According to Chapter 41 Minimum Standards of Operation for Mississippi Hospitals, Subchapter 30 on nursing, the regulation stipulates that hospitals to maintain an organized nursing staff to provide quality care to patients.
The state regulation selected first requires that nurses working in a hospital provides high quality services when tending to patient needs and that the mandate to regulate professional conduct of nurses lies squarely on the hospitals. This regulation also put the nurses to be in charge of the nursing service.
Therefore, the leadership role of nurses rests on nurses themselves and not other professional.
By implementing this regulation, hospitals will be required to employ competent nurses who will in turn provide quality care to patients. similarly, with quality care enhanced with proper nursing leadership, patient readmissions, and adverse outcomes will be reduced making the overall cost incurred by patients to go down (Salmond & Echevarria, 2017).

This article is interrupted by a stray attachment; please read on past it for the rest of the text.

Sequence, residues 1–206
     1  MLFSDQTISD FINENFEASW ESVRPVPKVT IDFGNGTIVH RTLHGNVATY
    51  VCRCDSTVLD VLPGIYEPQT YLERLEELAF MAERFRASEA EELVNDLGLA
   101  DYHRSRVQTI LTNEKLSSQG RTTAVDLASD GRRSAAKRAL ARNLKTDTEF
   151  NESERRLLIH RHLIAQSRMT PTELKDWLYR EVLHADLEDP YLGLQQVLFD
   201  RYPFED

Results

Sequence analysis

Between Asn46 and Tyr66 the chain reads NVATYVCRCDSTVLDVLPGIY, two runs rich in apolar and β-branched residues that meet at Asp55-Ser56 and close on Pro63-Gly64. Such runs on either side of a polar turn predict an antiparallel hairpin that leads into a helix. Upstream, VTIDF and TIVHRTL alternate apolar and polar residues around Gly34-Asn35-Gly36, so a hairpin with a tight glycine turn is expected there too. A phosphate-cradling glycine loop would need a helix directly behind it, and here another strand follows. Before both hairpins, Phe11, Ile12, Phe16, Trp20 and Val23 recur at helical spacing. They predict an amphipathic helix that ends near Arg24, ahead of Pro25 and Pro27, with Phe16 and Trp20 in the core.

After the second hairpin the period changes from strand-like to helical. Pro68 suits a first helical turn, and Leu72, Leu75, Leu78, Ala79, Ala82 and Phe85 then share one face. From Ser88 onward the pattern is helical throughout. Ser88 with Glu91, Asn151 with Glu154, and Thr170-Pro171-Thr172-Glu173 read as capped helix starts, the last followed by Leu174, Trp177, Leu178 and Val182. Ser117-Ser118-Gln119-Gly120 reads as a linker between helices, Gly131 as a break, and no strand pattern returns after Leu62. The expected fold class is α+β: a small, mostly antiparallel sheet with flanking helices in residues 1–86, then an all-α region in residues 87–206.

The Mississippi scope of practice policy under Mississippi Nursing Practice Law §73-15-20(3) regulates the practice authority of APRNs. Mississippi is still not a full practice state, though the nursing associations are advocating to change this trend.
In the regulation, nurse practitioners. The regulation talks about the collaboration between a nurse practitioner and a physician to some extent, this regulation has been termed to be restrictive in allowing APRNs to practice in full scope of their capabilities, which has affected various aspects in delivery of health care services.
Due to the regulation as outlined in the Mississippi Nursing Practice Law §73-15-20(3), the access to care, especially in the underserved rural and urban areas is restricted (Neff et al., 2018). This is due to lack of utilization of APRNs to full scope of their abilities. Due to duplication of roles between APRNs and physicians, lower efficiency in delivery of care is observed.